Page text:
London isn’t short of pretty girls, but Carene Cheryl possesses the charm and typically French smile that the British cannot resist.
When one sees Carene Cheryl just once on the television one cannot forget her, the journalists in the specialist press have remarked. They affirm that this singer has star quality and one can see kindness written in her features.
In love with London
I wouldn’t very much like to leave my country, explains Carene, since I adore France, where all my memories lie. However, London in the only foreign city where I feel really at ease. The people there are polite, relaxed and nothing astonishes them….and furthermore the passers-by are beginning to recognise me in the street, which isn’t unpleasant…
She sings like an Englishwoman
‘Her accent is perfect!’, all the English show business people have exclaimed. There’s nothing surprising in that if one takes account of the fact that Carene Cheryl’s mother is totally bilingual and that she doesn’t hesitate to correct the little mistakes that her daughter occasionally makes. I have, at any rate, studied English for seven years at secondary school, adds Carene, with well-justified pride.
England is short of female voices
Great Britain is the kingdom of Pop groups, but the supremacy in this area is tarnished by a total absence of female artists. The English used to have Sandie Shaw and Marianne Faithfull, but nowadays there’s a huge vacuum in the world of female voices. Rather than going to America in search of new artists English producers are interested in French stars, in particular, Carene Cheryl.
I have indeed listened to ‘Love me like a stranger’ on the aforementioned LP (the entire LP is available on YouTube) and it is pretty impressive, but I think that «Mémé» Ibach missed a trick by not thinking of ‘Les neiges d’été’ for the UK market. As I said, the dance clubs would have lapped it up.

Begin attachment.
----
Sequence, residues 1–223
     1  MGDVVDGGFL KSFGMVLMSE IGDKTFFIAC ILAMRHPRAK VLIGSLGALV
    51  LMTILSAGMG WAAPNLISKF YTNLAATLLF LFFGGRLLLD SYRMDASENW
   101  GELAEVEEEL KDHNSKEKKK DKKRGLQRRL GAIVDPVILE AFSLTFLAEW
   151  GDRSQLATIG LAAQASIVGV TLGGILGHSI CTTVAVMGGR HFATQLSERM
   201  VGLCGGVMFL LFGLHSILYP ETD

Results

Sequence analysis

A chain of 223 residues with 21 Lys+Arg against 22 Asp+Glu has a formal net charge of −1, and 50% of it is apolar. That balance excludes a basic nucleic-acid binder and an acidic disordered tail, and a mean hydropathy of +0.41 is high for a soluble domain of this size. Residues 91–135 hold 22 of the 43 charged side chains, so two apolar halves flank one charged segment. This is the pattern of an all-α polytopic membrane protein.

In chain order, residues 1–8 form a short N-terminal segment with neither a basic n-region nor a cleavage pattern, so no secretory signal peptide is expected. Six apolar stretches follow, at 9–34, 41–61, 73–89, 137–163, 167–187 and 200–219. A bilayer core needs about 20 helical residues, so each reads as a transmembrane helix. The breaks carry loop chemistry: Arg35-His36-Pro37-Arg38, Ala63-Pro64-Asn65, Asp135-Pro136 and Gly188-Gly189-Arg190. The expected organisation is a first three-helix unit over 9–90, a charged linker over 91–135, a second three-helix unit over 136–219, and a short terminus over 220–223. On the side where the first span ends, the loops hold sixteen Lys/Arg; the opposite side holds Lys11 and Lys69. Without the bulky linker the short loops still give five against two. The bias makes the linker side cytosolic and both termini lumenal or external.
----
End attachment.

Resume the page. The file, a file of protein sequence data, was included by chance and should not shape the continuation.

One will note that Carene Cheryl shares the front cover with her erstwhile much more experienced label-mate at Carrère, Sheila. (To be re-dubbed ‘Sheila B. Devotion’ the following year)….which is Carene’s connection with GOTGE World inasmuch as, in-between MOTR’s ‘Tweedle Dee, Tweedle Dum’ and Hana Zagorová’s ‘Pan Tydlitýt a Pan Tydlitát’, there was Sheila’s version, ‘Les Rois Mages’. (No reliably ’embed-able’ videos on that, despite – or maybe because – it being considered by many in France to have been ‘The Sound Of 1971’).
It is perhaps fitting that I should use this ‘French Connections’ opportunity to mention that I have discovered that the exchange previously alluded to in GOTGE between the French artist, Julie performing in a vintage car on the streets of Prague and Marie Rottrová performing on a boat on the River Seine was literally that, so that’s why the parallels were so remarkable. It transpires that ‘Hle Praha, pane pařížane!’, made in 1980, was the first leg of an exchange of co-productions between Czechoslovak TV and TF1/ORTF – Helena Vondráčková and Jean-Pierre Cassel meeting up again, this time in Paris, in ‘Tady Paříž, dobrý den’, a couple of years later, Helena taking Marie along with her.
It’s a shame that Hana didn’t go along too, since I am sure that the artist who had done the “Czech ‘Les Rois Mages'” eleven years previously would have caused a bit of a stir in Paris.
More than the stir Carene was causing forty years ago in London?
Of course, it does occur to one that the A&R people in London back in 1976, after all these discoveries that GOTGE has made in the former Eastern Bloc, may have considered looking for fresh female Pop Music artists on the other side of the Iron Curtain as well as the other side of the English Channel. There was evidently a pretty plentiful supply. Now, THAT would have been quite some ‘invasion’!
I wonder how artists from Communist countries would have gone down on British television.